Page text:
Stocks spike as central banks throw kitchen sink at virus

Stocks spike as central banks throw kitchen sink at virus
The coronavirus outbreak has transformed the US from a place of boundless consumerism to one suddenly constrained by nesting and social distancing. (AFP)
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Updated 20 March 2020

Stocks spike as central banks throw kitchen sink at virus

Stocks spike as central banks throw kitchen sink at virus
  • BoE comes back with second rate cut within days and unleashes its ‘biggest ever ever one-off round of asset purchases’
  • The US Federal Reserve also injected more funds into money markets

PARIS: World stock markets spiked on Thursday as massive central bank action finally got the attention of investors who had earlier shrugged off dizzying amounts of liquidity pouring into the financial system to fight the coronavirus impact.

The Bank of England came back with its second rate cut within days and unleashed its “biggest ever ever one-off round of asset purchases,” said Kallum Pickering, senior economist at Berenberg.

The Bank threw “the kitchen sink” at the coronavirus, said Craig Erlam, senior market analyst at OANDA, a day after the European Central Bank fired its most impressive monetary salvo yet in a bid to prevent a credit crunch in a stuttering eurozone economy.

The US Federal Reserve also injected more funds into money markets on Thursday.

The central bank action, combined with fiscal measures across the globe, helped stock market turn a corner after earlier weakness, with Wall Street more than 1 percent higher in midday trading, and key European equity markets packing even stronger gains.

The ECB’s massive action, meanwhile, undermined the euro against the dollar, which got a shot in the arm from investors buying into safety, even prompting speculation of possible Fed intervention to stem its rise.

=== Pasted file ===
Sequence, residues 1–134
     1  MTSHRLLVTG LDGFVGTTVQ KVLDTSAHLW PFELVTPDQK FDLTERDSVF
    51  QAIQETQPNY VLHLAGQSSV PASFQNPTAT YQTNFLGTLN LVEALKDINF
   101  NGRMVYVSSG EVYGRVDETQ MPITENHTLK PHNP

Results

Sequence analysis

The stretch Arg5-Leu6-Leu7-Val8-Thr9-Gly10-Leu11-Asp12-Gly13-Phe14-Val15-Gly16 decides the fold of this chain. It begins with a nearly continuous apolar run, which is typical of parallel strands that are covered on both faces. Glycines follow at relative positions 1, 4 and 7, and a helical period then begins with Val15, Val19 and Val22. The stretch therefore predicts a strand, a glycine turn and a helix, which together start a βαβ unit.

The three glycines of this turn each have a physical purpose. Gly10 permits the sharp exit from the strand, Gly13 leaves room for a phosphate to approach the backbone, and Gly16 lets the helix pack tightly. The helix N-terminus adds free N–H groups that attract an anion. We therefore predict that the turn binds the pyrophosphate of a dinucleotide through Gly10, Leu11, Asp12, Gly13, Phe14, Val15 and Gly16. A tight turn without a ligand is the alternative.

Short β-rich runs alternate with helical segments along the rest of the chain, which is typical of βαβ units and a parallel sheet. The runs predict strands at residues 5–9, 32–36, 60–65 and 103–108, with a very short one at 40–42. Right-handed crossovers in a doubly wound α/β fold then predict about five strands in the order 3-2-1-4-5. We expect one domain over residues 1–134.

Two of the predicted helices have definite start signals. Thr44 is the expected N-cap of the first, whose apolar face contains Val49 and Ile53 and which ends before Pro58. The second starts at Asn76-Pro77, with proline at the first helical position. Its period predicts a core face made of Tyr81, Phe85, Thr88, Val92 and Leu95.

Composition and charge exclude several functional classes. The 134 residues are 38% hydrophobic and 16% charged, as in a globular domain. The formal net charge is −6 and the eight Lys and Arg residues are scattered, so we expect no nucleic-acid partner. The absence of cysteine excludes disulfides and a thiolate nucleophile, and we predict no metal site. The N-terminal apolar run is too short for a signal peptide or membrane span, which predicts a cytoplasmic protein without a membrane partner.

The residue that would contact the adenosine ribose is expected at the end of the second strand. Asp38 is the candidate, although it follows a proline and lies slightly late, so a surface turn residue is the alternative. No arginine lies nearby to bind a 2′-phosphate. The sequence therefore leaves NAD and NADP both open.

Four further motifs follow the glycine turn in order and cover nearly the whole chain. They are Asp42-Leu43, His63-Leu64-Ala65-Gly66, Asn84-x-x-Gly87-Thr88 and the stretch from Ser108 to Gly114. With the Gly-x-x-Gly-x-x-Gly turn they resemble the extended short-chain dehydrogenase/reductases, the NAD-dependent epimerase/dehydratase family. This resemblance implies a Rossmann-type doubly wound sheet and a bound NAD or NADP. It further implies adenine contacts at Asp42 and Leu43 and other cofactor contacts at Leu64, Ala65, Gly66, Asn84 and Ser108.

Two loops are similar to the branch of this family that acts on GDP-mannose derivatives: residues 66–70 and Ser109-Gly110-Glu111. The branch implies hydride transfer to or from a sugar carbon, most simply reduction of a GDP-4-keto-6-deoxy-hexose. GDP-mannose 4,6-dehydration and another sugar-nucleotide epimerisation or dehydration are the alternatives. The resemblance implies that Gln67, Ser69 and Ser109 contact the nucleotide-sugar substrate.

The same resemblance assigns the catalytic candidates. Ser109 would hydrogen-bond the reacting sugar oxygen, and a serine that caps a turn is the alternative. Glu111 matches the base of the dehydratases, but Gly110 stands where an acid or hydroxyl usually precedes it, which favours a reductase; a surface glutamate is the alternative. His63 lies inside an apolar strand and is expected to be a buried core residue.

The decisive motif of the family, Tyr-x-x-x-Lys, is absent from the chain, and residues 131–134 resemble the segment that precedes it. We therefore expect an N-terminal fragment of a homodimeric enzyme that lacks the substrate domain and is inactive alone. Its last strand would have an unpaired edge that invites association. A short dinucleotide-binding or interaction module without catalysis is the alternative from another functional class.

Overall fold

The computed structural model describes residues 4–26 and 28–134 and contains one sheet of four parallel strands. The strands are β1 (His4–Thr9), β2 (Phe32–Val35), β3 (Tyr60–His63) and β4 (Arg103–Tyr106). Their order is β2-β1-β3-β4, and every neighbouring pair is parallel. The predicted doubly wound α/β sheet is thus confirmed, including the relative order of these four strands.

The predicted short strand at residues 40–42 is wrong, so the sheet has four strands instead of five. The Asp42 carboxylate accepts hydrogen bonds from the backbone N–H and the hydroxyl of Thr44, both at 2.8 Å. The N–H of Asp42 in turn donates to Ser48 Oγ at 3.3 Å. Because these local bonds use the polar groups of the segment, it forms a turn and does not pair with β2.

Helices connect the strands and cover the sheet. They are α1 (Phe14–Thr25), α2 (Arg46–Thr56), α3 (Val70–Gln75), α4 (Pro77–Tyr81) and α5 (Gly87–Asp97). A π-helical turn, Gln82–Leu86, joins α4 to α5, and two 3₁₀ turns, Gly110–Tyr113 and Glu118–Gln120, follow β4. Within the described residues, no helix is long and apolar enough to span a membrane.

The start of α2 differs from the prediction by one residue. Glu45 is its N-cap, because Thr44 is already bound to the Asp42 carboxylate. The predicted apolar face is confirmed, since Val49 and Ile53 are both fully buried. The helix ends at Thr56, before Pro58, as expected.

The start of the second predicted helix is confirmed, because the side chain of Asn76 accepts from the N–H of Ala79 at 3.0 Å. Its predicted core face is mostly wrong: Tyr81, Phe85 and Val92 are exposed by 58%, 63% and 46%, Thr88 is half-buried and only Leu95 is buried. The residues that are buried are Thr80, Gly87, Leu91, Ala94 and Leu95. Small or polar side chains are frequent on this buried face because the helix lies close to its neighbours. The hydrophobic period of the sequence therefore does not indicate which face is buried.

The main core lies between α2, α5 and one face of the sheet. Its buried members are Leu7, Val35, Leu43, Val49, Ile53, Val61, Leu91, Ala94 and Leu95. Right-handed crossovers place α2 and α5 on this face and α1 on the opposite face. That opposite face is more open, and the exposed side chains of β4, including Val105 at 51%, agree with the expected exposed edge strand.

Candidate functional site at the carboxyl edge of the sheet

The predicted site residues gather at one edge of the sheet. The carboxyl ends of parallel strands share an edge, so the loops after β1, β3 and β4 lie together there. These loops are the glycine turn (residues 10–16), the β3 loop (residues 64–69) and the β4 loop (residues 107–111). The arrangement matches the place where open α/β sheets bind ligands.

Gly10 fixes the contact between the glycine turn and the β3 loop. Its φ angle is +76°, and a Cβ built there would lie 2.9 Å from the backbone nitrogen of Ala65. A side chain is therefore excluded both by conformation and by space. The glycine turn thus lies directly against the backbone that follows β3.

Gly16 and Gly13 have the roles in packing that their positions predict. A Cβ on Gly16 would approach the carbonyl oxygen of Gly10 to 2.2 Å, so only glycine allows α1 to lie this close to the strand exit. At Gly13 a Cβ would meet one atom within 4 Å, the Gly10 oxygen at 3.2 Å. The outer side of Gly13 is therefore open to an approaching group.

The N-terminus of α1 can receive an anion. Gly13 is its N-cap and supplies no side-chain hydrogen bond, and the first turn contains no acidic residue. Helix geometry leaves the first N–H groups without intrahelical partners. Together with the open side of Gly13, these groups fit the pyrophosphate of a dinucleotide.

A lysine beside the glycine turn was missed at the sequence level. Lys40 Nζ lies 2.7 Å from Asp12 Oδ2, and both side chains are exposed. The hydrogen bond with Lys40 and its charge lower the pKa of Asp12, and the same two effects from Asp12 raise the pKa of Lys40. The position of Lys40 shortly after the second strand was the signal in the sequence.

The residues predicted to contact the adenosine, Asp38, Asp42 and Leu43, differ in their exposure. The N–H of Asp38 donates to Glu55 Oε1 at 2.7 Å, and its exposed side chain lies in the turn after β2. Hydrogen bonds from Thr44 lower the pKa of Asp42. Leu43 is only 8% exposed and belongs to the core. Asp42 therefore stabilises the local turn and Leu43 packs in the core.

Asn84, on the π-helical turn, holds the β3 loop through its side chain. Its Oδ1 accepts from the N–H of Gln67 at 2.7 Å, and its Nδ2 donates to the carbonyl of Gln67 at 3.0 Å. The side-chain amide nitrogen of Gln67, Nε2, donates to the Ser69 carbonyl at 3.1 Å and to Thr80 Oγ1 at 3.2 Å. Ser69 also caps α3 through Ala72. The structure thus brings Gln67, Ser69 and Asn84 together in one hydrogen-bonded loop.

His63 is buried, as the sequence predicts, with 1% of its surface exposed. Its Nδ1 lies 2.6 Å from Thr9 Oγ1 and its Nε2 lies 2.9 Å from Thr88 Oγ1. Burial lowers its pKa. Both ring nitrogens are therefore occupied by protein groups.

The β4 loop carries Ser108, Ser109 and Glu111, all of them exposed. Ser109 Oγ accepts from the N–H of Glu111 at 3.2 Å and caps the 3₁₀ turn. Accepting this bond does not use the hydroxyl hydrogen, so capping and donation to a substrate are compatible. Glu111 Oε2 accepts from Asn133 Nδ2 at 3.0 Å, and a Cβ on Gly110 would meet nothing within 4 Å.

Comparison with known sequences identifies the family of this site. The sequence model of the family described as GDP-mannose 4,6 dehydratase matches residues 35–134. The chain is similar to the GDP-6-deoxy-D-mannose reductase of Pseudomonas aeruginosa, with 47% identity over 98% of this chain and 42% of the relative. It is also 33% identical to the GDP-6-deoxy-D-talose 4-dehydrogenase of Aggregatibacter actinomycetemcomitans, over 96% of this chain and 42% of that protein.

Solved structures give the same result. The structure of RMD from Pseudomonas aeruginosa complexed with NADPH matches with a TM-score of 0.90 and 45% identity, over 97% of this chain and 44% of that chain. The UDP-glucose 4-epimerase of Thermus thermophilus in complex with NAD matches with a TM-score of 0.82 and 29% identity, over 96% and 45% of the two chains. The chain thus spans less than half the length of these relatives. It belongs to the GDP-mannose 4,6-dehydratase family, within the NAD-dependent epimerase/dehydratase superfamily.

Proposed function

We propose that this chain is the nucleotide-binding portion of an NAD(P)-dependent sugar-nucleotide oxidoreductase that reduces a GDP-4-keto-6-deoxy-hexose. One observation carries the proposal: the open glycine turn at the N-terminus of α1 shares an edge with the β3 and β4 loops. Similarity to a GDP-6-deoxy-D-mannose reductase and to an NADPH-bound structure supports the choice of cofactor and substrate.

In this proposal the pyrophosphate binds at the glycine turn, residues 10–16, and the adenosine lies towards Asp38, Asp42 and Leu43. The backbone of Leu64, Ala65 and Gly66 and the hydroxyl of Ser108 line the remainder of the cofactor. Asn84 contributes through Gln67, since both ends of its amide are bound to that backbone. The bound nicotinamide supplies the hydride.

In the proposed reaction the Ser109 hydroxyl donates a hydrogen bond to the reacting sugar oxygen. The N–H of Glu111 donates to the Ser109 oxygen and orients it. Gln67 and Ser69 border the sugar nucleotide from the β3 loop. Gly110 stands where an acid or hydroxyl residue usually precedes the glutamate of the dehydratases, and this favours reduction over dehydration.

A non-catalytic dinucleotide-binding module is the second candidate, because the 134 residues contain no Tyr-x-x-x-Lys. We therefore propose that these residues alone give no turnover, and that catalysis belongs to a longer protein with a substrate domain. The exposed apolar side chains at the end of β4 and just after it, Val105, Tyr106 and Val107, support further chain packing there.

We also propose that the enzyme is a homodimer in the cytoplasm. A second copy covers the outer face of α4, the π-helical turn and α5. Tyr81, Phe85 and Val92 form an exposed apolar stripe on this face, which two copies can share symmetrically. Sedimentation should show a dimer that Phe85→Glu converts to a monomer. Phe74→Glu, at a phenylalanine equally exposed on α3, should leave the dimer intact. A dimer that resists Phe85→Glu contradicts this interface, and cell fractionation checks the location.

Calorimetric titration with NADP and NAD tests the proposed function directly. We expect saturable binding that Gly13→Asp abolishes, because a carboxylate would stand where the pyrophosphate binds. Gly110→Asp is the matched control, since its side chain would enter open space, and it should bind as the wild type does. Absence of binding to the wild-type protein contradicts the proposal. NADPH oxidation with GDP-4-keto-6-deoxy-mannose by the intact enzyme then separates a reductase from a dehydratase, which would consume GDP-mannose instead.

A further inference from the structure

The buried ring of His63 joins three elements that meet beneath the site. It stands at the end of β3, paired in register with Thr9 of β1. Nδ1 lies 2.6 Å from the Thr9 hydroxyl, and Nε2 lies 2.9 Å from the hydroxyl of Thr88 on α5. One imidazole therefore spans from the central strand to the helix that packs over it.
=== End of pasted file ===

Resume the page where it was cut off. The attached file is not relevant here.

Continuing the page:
The biggest impact of the smorgasbord of monetary efforts was on global bond markets, where yields fell on expectations that central banks will now be gobbling up any long-term debt that governments, and large corporations, are willing to issue.

But voices warning of the limits of monetary policy would not be silenced. “What if liquidity support is not enough?” asked Holger Schmieding, at Berenberg, wondering whether governments might be tempted to take direct stakes in companies, if only to save them from hostile takeover — a policy shift he called “a potential risk.” Thursday’s relief across markets was tempered by the fear of a terrible economic impact still ahead, analysts said.

“Markets are in risk-averse mode,” said Christopher Dembik, head of economic research at Saxo Banque in Paris.

Investors were now expecting a global recession “of a singular size,” he said, adding that solace was nowhere to be found “even if enormous means are being deployed.”

But in the short term, those means did provide some relief to frayed investor nerves.

Investors saw “the European Central Bank calm markets, at least for now, with their stimulus package,” said Scope Markets analyst James Hughes.

The so-called Pandemic Emergency Purchase Program came six days after the ECB unveiled a big-bank stimulus package that failed to calm nervous markets and had piled pressure on the bank to open the cash floodgates.

After announcing the move, ECB boss Christine Lagarde tweeted that “extraordinary times require extraordinary action.” analyst Neil Wilson said the ECB action “looks more like a bazooka than anything they’ve done thus far.”

Earlier Thursday, Asia stocks initially climbed on the ECB’s midnight announcement but soon tumbled as investors contemplated months of economic hardship.

Oil prices rebounded almost as spectacularly as they had dropped on Wednesday when US benchmark WTI lost around a quarter of its value.

Oil markets have been hammered by collapsing demand as the virus prompts sweeping travel restrictions and business closures.